In this email we catch up on a weekend of election announcements, debates - and Labour's campaign launch.
1. Momentum behind Labour
With 33 days to go until the election, the momentum is now clearly behind a revitalised Labour.
A new poll from UMR for Labour and its corporate clients shows Labour up one percentage point to 37 percent and National down three to 40 percent in the last week. New Zealand First was up one point to nine percent, while the Greens were steady on eight percent.
Labour's formal campaign launch in Auckland also showed the 'Jacinda effect' turning into full 'Jacindamania' on the campaign trail. There were queues of people down Queen St before the afternoon event at the Auckland Town Hall. Over 2,000 people turned up and many had to be shuffled into overflow rooms when the hall itself was full.
After the event, Ardern was mobbed for selfies (John Key style) and addressed another large crowd at Aotea Square with a bullhorn.
Newsroom's Tim Murphy was there for the launch and wrote that Labour's supporters -- and Ardern -- now believe they can win.
"Old hands in the media tried to identify past images to match the feeling; one reached back to the famed Muldoon rallies," he wrote.
"She is hot, right now. Her reception in advance of a campaign and election was akin to Key's first election night victory rally in 2008. A cross between that and the America's Cup parade of a few weeks ago."
See Tim's comment piece on Newsroom and see our full rolling coverage from yesterday, as published first on Newsroom Pro. We will be doing these rolling coverage pieces every day until the election, and immediately after.
2. 'Our nuclear free moment'
Ardern's campaign speech was not laden with new policy announcements. They will not come until after the PREFU on Wednesday gives both parties a clearer idea of how much they have to spend on fresh policies.
But her speech was notable for not mentioning the Government at all and for its relentlessly aspirational tone. It also veered well into territory usually captured by the Greens.
The line most picked up on was the one aimed at her "youth-adjacent" audience when referring to the issue of climate change.
"This is my generation’s nuclear free moment, and I am determined that we will tackle it head on," she said.
Elsewhere, she also committed Labour to changing the Public Finance Act to including the reporting of metrics on child poverty, climate change and the environment.
Ardern embraced Andrew Little immediately after the speech to reinforce the seamless and bloodless nature of the transition just three weeks ago. She also embraced Helen Clark and referenced previous Labour Prime Ministers throughout the speech.
Newsroom's Shane Cowlishaw picked up on a key detail of that transition from Little to Ardern in his interview with her, which was published first on Newsroom Pro on Thursday.
She told Shane that it was her idea to put Little at third on Labour's list, just behind Kelvin Davis and ahead of Grant Robertson.
“For me that was a given, he’s straight into being an enormously important member of the front bench and playing a really strong role in our senior team," she said.
“I can’t speak highly enough of Andrew, I saw how hard he worked as his deputy and then I saw him grapple with the decision in the face of some tough polls and through all of that it was all just about what he could do on behalf of Labour.”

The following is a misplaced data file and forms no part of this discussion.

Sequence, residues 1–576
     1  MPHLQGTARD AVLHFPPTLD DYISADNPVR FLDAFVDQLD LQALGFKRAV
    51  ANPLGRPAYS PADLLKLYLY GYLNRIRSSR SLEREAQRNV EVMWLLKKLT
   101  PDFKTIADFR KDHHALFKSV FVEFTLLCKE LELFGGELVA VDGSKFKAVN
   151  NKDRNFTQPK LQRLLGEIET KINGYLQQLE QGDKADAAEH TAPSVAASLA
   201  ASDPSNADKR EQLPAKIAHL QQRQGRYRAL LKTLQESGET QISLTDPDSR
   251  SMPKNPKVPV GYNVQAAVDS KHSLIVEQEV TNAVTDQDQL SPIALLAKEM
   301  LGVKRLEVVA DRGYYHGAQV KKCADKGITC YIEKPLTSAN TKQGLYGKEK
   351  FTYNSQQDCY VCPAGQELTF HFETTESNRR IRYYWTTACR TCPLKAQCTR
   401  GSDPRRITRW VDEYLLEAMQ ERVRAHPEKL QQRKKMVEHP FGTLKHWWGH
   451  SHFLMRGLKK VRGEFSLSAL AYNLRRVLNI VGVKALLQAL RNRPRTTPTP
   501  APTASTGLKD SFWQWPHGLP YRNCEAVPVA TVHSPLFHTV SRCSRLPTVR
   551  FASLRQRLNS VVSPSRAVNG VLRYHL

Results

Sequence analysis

3. The roading Government
But the biggest event of yesterday in terms of spending was Bill English's announcement in Hastings of an extra $10.5 billion to be spent on 10 new 'Roads of National Significance' or RONS as they're known in the (very large) road building business.
The contrast with Ardern's glitzy burst of urban enthusiasm and public support couldn't have been wider.
English gathered with Simon Bridges and local politicians and supporters in a field near Hastings to announce the new roads at an cold event under umbrellas.
Aside from the Napier to Hastings highway announced yesterday, the nine other RONS included: Wellsford to Whangarei; East West Link in Auckland; Cambridge to Tirau; Piarere to the foot of the Kaimai Range; Tauranga to Katikati; the Manawatu Gorge; Levin to Sanson; the Christchurch Northern Motorway; and the Christchurch to Ashburton road.
Despite the scale of the spending, which was launched a day ahead of transport announcements by the Greens and Labour, the event was bumped down the news bulletins by Ardern's launch.
The Jacinda effect and her honeymoon are still at their height in terms of news judgement by the large media outlets.
Also over the weekend, English and Health Minister Jonathan Coleman were forced to leave Dunedin hospital early on Saturday by pay equity protestors. They were there to announce plans for a new Dunedin hospital at a cost of over $1 billion, but the television coverage nationally was dominated the protests and the hasty exit.
The full details of the 10 new roads are here.
4. A noisy housing debate
Social Housing Minister Amy Adams and Labour Housing spokesman Phil Twyford hammered away at each other for a good 20 minutes on The Nation on Saturday on the issue of housing, and in particular the lack of state houses.
The debate focused on the just how many people were homeless, what that meant, how many state houses National and Labour promised to build, and whether there was actually a housing crisis.
The debate moderated by Lisa Owen kicked off with a reference to last week's report by the Salvation Army on the need for an extra 2,000 to 2,500 social houses to be built each year for the next decade.
Adams said the Government would be building 6,000 new state houses over the next three years, while Twyford said Labour planned to build a net extra 1,000 per year until demand was met.
Twyford said the Government had presided over a net reduction of 3,000 social houses over the last nine years. Adams said there had been a net reduction in the number of state houses of 1,200, but there were an extra 2,000 state-funded social houses because of the Government's extra subsidies for houses owned by non-government organisations.